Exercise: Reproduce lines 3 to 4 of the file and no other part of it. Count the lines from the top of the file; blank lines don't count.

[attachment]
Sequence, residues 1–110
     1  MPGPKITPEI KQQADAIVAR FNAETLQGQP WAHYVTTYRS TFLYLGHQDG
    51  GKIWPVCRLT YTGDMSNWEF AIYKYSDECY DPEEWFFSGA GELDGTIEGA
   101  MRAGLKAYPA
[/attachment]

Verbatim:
    51  GKIWPVCRLT YTGDMSNWEF AIYKYSDECY DPEEWFFSGA GELDGTIEGA
   101  MRAGLKAYPA